And here I wonder if I have the love of God in me even now; there are people who I cannot stomach to be around, people who I find myself speaking negatively of in secret, people who I deliberately avoid and otherwise blatantly ignore for the sole purpose of not having to subject myself to their mindless or otherwise irritating babble. I refuse to open myself up to people simply out of preemptive judgments I’ve made regarding their ability to comprehend anything in enough depth to make my talking to them at least worthwhile; often, I find myself feeling that I’m better off saving my breath. Conversely, I frequently withhold from posting an actual status update (versus simply sharing a link) on Facebook because I believe that nobody would even care and that I’m thus better off not even bothering to move my fingers across the keyboard to type the words.
I didn’t want to share this before, mostly because of how personal and immediate it was, but depression hit me harder this year than it ever had before. As the days drug on and on, the calendar began to blur together and some nights I found myself sitting catatonic in my room, unable to even move my thumbs to text someone for help, let alone open my mouth to talk to them had they actually arrived. Some nights, it was a struggle just to stay standing up in the shower and not collapse involuntarily. I numbed out harder than ever. Ascend the Hill sums up the feeling: “Someone make sense of this, I beg you now. Where is grace in this? Where is love in this? Our time is running out. This ruined city longs for the vengeance of our God, but we can’t see ’cause ashes fill us all. Broken bones, they still feel numb; oh, the mourning had begun. Corrupting ourselves, God save us now.” Being depressed in the midst of people who are full of joy is a bit of a two-edged sword; on the one hand, it’s encouraging to be around people who try to lift me up. On the other hand, it’s disheartening to see other people overcome something like depression to live lives full of joy while I still feel stuck in this pit. Eventually, even those who promise to stick around move on to more lively friends (save one, a person for whom I cannot express how much I am grateful for).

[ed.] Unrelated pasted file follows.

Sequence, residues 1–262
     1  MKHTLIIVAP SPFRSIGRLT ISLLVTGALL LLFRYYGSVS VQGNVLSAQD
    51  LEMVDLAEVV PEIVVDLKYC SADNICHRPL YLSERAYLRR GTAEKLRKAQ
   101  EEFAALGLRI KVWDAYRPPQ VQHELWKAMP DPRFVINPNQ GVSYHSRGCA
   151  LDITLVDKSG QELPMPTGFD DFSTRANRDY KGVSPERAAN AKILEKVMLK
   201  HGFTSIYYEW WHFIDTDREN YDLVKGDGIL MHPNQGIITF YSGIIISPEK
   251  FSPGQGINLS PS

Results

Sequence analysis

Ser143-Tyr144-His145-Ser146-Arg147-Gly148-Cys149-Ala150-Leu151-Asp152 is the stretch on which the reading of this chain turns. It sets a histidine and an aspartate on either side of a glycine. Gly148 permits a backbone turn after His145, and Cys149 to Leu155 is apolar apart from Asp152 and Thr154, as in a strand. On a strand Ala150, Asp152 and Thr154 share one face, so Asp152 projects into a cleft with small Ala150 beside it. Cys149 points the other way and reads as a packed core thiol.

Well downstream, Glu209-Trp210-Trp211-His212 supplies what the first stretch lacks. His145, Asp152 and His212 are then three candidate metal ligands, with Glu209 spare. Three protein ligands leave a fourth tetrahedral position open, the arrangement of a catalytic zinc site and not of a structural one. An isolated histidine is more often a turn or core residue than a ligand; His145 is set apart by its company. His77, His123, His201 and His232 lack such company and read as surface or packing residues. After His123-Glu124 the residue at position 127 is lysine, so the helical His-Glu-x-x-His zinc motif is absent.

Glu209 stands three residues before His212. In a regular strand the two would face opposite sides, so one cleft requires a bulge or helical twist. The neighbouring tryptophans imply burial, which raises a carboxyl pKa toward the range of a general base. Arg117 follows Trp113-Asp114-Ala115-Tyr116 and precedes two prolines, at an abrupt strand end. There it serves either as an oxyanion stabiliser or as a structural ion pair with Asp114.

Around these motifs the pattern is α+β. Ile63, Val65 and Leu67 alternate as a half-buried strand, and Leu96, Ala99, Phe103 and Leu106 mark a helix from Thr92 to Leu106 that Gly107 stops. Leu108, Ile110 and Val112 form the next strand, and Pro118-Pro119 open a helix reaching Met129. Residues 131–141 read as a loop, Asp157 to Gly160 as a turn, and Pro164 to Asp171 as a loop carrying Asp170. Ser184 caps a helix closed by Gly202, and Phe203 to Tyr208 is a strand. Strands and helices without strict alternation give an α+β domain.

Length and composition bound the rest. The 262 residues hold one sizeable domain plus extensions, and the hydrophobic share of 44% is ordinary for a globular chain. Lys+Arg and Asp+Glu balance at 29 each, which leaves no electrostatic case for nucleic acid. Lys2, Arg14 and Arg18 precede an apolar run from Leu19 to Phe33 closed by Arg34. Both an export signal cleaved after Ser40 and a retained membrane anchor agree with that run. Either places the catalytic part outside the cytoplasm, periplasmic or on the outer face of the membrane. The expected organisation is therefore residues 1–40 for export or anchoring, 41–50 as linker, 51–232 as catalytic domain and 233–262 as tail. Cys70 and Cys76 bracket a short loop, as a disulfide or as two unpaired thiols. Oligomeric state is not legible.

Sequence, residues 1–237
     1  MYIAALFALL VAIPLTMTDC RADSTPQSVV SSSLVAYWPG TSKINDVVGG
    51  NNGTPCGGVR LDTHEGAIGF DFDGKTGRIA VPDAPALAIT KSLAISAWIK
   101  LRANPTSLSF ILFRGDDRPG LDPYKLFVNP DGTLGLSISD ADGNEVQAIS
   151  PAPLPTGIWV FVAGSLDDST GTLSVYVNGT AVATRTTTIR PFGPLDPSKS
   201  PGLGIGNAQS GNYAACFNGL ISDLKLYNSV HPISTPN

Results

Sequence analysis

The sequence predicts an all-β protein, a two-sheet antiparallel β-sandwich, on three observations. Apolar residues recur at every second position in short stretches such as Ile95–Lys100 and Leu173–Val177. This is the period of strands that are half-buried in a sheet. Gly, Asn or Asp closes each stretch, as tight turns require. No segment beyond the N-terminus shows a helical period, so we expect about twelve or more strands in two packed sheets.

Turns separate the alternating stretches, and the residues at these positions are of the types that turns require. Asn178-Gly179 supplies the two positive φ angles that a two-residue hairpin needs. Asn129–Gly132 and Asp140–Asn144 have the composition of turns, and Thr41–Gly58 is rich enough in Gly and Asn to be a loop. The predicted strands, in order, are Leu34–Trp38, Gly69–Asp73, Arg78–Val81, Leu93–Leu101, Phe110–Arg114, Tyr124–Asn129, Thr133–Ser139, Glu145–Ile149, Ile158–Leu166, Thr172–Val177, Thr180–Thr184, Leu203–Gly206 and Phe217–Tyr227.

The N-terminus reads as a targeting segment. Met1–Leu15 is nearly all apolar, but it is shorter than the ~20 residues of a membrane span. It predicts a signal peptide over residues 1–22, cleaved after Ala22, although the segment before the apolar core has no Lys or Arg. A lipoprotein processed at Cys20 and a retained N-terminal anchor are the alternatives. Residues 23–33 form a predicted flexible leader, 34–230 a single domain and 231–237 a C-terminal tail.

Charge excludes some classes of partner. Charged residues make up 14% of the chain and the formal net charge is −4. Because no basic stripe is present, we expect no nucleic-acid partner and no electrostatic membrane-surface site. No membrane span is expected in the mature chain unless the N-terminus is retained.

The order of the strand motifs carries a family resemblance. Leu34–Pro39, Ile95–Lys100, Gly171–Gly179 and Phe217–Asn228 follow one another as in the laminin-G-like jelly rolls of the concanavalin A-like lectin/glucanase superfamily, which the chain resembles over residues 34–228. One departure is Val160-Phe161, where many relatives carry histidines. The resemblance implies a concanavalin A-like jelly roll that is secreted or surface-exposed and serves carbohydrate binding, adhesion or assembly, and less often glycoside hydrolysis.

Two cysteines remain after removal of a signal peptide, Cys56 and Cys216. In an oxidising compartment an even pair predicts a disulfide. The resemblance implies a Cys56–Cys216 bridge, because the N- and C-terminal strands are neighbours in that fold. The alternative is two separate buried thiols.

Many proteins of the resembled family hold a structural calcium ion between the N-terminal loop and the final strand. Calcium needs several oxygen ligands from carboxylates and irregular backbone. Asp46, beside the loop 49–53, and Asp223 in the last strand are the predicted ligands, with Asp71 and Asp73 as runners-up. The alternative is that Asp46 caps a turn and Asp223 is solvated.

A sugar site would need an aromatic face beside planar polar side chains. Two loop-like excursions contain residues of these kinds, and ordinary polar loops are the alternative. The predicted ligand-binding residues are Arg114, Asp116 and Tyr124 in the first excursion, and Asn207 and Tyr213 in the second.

Nonetheless, what is easily the most important moment of the year came about roughly a month ago. In August/September, I decided to ignore Christianity and effectively left it behind to pursue my own selfishness, despite having returned to bible college. In December, after a dear friend pleaded with me to at least try to hold on, I decided not to denounce the faith, but at least to ride things out for a while so I could have time to riddle some things out. And then, last month, I found myself utterly face-to-face with the reality of Jesus (and of course the far-reaching implications of such), and knew I finally had to get off the fence and make a decision: either leave my selfishness behind and return to Jesus, or completely harden my heart, depart the faith, leave Central, and allow my selfishness to rule me for the rest of my life.